John le Carre fans have been paying tribute to the Tinker Tailor Soldier Spy novelist following his death at the age of 89.
The writer, real name David Cornwell, passed away on Saturday at the Royal Cornwall Hospital in Truro following a short battle with pneumonia.
Confirming that his death was not Covid-related, le Carre’s literary agent, Jonny Geller, said: “His like will never be seen again. Our hearts go out to his four sons, their families and to his dear wife, Jane.”
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Leading the online tributes to the world-famous espionage author, US writer Stephen King tweeted: “This terrible year has claimed a literary giant and a humanitarian spirit.” Historian Simon Sebag Montefiore wrote: “Heartbroken #JohnleCarre has gone: the titan of English literature up there with the greats, creator of his own world of masterpieces, studies of betrayal, honour, character, idealism and power that were also spy thrillers.”
While le Carre is renowned for his best-selling books, however, other aspects of his life are less well known. Here are four things about him that may come as a surprise:
Before settling into a career as one of the country’s best-loved writers, le Carre put in stints “teaching at Eton and working for the secret services while studying German in Switzerland”, The Times reports.
The “knowledge of the workings of intelligence agencies” that later informed his writing “stemmed from his role at the British Foreign Service as an intelligence officer in postwar Europe”, the paper adds.
Struggle with success
Le Carre was “bewildered and conflicted” by the success of his breakthrough novel The Spy Who Came in from the Cold, says The Times.
Throughout his career, he “believed that literary London, with its longstanding apartheid separating literary fiction from its commercial ugly sister, genre fiction, never quite accepted his success”, The Guardian adds.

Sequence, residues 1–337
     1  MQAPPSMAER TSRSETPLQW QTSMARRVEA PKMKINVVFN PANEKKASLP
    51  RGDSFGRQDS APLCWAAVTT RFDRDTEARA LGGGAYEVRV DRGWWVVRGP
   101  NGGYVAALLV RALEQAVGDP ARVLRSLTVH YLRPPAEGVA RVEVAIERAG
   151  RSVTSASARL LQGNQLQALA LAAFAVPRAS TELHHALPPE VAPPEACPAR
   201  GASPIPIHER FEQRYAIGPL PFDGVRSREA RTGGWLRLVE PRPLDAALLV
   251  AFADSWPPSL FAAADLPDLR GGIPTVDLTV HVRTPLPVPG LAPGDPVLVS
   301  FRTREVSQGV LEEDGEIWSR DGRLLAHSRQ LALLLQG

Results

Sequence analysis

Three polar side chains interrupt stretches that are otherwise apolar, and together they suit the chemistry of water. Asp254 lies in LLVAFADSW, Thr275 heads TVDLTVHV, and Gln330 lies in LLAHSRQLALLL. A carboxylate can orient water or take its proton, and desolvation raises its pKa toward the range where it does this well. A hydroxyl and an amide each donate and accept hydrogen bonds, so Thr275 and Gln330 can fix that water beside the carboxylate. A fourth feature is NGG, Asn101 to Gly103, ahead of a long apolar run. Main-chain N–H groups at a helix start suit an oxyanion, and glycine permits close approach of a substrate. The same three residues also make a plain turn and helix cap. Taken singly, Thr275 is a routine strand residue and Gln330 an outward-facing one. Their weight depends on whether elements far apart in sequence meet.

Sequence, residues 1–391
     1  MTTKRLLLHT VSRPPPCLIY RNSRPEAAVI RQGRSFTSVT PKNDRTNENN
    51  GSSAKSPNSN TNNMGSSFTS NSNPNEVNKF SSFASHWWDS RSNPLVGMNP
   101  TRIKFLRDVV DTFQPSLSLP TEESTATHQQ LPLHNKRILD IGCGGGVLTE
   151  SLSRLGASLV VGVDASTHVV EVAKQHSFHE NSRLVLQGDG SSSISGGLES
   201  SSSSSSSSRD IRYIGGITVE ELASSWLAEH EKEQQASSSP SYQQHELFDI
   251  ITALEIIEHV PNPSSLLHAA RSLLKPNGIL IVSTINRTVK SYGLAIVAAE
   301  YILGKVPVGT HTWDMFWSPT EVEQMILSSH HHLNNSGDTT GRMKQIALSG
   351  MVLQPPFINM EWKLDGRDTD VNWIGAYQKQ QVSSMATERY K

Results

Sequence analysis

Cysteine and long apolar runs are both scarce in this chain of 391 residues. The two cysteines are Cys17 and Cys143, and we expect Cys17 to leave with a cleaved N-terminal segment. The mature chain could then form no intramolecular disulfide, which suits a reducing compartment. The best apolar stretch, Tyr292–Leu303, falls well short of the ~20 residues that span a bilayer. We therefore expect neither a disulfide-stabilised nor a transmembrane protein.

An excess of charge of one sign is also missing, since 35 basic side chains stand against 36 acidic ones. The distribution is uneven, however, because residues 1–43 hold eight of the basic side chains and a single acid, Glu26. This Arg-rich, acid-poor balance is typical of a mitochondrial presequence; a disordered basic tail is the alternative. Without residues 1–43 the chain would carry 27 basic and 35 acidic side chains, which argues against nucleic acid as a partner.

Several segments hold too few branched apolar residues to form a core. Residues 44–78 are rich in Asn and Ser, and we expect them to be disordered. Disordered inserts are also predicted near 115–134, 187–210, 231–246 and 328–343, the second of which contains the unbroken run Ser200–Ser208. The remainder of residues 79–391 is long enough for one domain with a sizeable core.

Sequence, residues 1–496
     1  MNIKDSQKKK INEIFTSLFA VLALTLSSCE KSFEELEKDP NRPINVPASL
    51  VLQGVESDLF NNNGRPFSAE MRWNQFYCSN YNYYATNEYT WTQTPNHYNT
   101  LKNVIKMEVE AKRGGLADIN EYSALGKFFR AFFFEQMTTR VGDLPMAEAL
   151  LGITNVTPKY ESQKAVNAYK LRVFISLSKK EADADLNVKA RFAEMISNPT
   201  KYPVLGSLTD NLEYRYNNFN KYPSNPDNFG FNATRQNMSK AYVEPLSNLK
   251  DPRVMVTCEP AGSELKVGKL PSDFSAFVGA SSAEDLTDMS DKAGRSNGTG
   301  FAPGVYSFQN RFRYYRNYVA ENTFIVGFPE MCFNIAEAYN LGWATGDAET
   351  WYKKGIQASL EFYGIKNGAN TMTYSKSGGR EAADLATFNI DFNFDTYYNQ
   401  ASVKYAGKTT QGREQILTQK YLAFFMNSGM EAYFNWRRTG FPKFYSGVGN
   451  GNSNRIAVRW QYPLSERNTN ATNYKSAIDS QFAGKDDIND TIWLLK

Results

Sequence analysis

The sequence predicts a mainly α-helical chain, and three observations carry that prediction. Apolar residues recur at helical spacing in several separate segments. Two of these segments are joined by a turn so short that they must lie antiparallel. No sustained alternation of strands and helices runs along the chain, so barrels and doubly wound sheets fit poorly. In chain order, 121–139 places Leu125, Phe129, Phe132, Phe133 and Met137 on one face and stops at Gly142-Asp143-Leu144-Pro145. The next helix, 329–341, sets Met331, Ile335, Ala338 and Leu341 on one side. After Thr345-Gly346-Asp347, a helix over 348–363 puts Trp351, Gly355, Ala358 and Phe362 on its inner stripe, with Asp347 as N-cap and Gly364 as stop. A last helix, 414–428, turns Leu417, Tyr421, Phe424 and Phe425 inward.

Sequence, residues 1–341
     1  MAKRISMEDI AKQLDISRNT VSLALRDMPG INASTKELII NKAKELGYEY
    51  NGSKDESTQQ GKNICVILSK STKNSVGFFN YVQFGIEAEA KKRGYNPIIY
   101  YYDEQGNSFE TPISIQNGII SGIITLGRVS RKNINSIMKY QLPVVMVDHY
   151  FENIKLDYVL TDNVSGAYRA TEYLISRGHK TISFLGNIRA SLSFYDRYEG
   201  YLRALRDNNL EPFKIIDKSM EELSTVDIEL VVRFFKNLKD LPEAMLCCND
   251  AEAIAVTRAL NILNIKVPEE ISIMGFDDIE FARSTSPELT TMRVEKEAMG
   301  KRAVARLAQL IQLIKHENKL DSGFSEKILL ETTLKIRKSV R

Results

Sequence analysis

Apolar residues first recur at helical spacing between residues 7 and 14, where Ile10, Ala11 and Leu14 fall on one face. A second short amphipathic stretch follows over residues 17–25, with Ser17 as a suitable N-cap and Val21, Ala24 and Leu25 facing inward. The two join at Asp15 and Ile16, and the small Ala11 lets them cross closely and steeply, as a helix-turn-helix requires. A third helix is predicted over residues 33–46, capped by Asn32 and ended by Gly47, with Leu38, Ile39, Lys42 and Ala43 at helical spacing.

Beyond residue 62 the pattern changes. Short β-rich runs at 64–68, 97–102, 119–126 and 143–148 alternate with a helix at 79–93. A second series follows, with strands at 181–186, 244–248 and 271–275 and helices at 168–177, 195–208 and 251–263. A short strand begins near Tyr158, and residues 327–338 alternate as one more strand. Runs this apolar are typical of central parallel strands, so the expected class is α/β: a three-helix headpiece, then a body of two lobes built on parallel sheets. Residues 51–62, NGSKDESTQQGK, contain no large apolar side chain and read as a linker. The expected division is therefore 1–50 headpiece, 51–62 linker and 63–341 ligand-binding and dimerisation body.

Less than an hour after le Carre was nominated for the Booker Prize in 2011, his agent released a statement from the author that said: “I do not compete for literary prizes and have therefore asked for my name to be withdrawn.”
He also turned down a knighthood, saying that being “called Commander of the British Empire or any other thing of the British Empire” was “emetic” - that is, vomit-inducing.
The then-budding author was working for the Foreign Office in the British Embassy in the west German city of Bonn when his first published work, Call For The Dead, was released in 1961. But “Foreign Office officials were not allowed to publish books under their own name”, the BBC reports - a rule that led Cornwell to become le Carre.
Asked his opinion in 2014 on the state of British politics, le Carre described himself as “English to the core”. Yet he “deplored what he saw as the aggressive nationalistic sentiment behind Brexit”, says the BBC. Le Carre insisted: “My England would be the one that recognises its place in the EU. The jingoistic England that is trying to march us out of the EU, that is an England I don’t want to know.”
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